The Tour de France might be over, but here at EF, our fascination with pro cycling has only just begun. To learn more about the sport, we spoke with Alex Howes, a rider on our very own UCI WorldTeam. (That’s right, we have one.) We discussed everything from the importance of cultivating trust among riders to the plight of shaving legs before race days. You know, the important stuff.
Sarah Bennett: A lot of people think professional cycling is an individual sport and don’t understand the level of teamwork that goes into it. How does teamwork actually come into play?
Alex Howes: It’s on the road and it’s off the road. On the road, we usually have a designated team leader and that’s the guy who everybody hopes will win. The rest of us provide support in terms of food and water—we go back to the cars to get rain jackets and gloves and stuff like that if the weather’s bad.
Also, there’s quite a bit of drafting involved. We try to break the wind and get our guy in the right position as best as we can, leading into either the final climb or the final spurt.
Then off the bike, there’s quite a bit of camaraderie. We travel all over the world. We probably spend more time with our teammates than we do with our significant others. You need to have a good team atmosphere and a good group. If you don’t have that, you have no chance of success.
SB: It looks like you’ve had some first-place wins yourself, and also ridden to support other riders on your team. Can you tell me a little bit about both experiences?
AH: One of my favorite races is the USA Pro Challenge, which is now the Colorado Classic. I’m from Colorado, so I like to perform there for the hometown crowd. I’ve won a couple of races there. For me, winning on home soil is pretty incredible, but at the same time, there’s a lot of satisfaction in riding in support of other riders. I was part of the team when Andrew Talansky won the Critérium du Dauphiné, which is probably the hardest, fastest week-long stage race in Europe and, therefore, the world. That was pretty exciting. That was definitely as gratifying as winning a race myself.
SB: So, do you feel like as long as you’re supporting your team leader, it feels like a win for the whole team rather than the one rider who crosses the finish line?
AH: It’s related to baseball or football. Not everybody is going to score the winning touchdown or throw the final strike, but in the end, it takes everybody on the team to make that win happen.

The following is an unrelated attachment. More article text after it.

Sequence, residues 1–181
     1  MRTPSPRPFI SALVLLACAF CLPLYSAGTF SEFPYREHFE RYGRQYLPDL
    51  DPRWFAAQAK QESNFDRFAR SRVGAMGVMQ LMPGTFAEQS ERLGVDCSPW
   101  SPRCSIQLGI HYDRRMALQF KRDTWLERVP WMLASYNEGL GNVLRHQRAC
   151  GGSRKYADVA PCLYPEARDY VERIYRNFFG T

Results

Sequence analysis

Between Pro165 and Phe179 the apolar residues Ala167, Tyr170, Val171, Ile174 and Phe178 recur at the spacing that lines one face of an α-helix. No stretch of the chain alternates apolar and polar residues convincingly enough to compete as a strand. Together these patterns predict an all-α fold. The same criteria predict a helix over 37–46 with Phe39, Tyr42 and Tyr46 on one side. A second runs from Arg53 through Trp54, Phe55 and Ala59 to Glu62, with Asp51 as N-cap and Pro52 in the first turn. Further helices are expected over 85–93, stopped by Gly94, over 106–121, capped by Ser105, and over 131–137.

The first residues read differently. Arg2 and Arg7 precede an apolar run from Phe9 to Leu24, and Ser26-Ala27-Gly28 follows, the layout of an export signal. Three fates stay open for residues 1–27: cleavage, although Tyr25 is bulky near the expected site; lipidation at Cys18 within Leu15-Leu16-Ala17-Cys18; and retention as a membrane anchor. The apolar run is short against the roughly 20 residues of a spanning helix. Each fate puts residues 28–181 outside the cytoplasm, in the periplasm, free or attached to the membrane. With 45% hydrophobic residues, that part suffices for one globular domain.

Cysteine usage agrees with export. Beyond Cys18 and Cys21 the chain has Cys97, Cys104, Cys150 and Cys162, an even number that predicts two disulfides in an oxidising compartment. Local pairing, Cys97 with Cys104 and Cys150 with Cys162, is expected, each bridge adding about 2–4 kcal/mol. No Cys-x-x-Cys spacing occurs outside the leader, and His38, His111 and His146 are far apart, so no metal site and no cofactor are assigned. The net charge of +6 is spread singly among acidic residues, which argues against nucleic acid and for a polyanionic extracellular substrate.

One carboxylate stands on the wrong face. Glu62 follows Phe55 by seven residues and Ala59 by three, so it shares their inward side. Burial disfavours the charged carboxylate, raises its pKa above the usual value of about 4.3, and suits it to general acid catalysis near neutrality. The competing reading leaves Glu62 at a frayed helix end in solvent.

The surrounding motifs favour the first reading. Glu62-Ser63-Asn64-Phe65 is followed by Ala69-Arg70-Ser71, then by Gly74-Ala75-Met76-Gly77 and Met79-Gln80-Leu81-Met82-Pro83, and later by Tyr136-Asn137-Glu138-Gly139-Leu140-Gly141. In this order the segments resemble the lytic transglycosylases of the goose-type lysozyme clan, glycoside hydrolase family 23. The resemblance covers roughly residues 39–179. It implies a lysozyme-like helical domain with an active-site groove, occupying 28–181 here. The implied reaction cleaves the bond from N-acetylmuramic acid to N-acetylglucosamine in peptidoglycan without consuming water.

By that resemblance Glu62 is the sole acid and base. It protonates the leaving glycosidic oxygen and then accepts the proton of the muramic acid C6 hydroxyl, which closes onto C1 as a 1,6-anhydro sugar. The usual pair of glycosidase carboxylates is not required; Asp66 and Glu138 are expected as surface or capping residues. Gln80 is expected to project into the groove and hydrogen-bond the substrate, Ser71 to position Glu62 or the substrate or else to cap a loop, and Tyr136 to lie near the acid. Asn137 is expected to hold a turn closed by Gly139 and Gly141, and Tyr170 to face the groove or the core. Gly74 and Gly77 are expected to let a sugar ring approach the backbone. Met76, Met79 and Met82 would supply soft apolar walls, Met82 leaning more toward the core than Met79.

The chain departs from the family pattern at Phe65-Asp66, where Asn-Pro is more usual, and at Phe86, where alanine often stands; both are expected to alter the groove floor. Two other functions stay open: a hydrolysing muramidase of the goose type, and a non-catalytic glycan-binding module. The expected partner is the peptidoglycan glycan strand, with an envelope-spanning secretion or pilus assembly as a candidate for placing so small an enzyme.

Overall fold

SB: And even when the race isn’t in Colorado, does it feel like you’re racing for your home team?
AH: This team is definitely my home team in a lot of different ways. I’ve been with the organization my entire career, more or less. I left for one year, we call it study abroad, with the French team. But I started with [Team CEO and co-founder Jonathan Vaughters’] junior development team here in Colorado and I’ve been with the team ever since. It feels as much like a family as it does a team. Calling it a home team is almost an understatement for me.
SB: Speaking of the team, your teammates hail from 13 different countries. What’s it like being on a team with people from all over the world?
AH: It’s interesting. It’s easy to get into the cycling bubble. Obviously, we all have that in common. When you do hard races, a lot of other things tend to fall by the wayside. You’re not really thinking about anything else. At the same time, it’s funny to show up at the training camp in the winter after everyone has been home and really talk about what everybody’s been doing. It’s always so different for everybody.
We have Italian guys that spent the whole winter basically just sitting at their mom’s eating pasta. We’ve got [Rigoberto Uran], who’s basically running an empire down in Columbia. I’m always off in the desert or the mountains doing something like that. I don’t know, it’s a great thing to see so many different people come together to achieve a common goal.
SB: You already covered this a little, but what role do you think trust plays on the team?
AH: Oh my gosh. It comes into play all the time, especially when you’re coming into a sprint finish or a hectic final or even just a stressful moment in the race. We try and ride together as a team as much as we can and we’ll be in one line in a particular part of the peloton [the main group of cyclists in a race].
When you’re following your teammates, you have to have 100 percent absolute trust and faith in them because if they mess up—even just a little bit—you’ll be on the ground. That’s why we ride together as much as we do. We know that the guy in front of us is thinking about the guys behind him. Without trust, that doesn’t work.
Going beyond that, off the road, cycling has had a rough history with doping scandals and things like that throughout the years. With this team, we’ve worked really hard to make sure that everybody on our team is someone we know isn’t doing anything sketchy behind closed doors. If one of us screws up or makes the wrong decisions, it could be costly for the entire team. So you definitely have to have trust in your teammates.
SB: That makes sense. You guys ride together a ton, but also spend a good amount of time training in your own countries. How does that affect training? Do you just have to have trust that your teammates are putting in the work?
AH: It’s funny. We spend a lot of time apart. We spent a lot of time together, too, but when we’re away, a lot of us keep tabs on each other. You know, we kick our buddies in the butt if it sounds like they’re not getting their work done.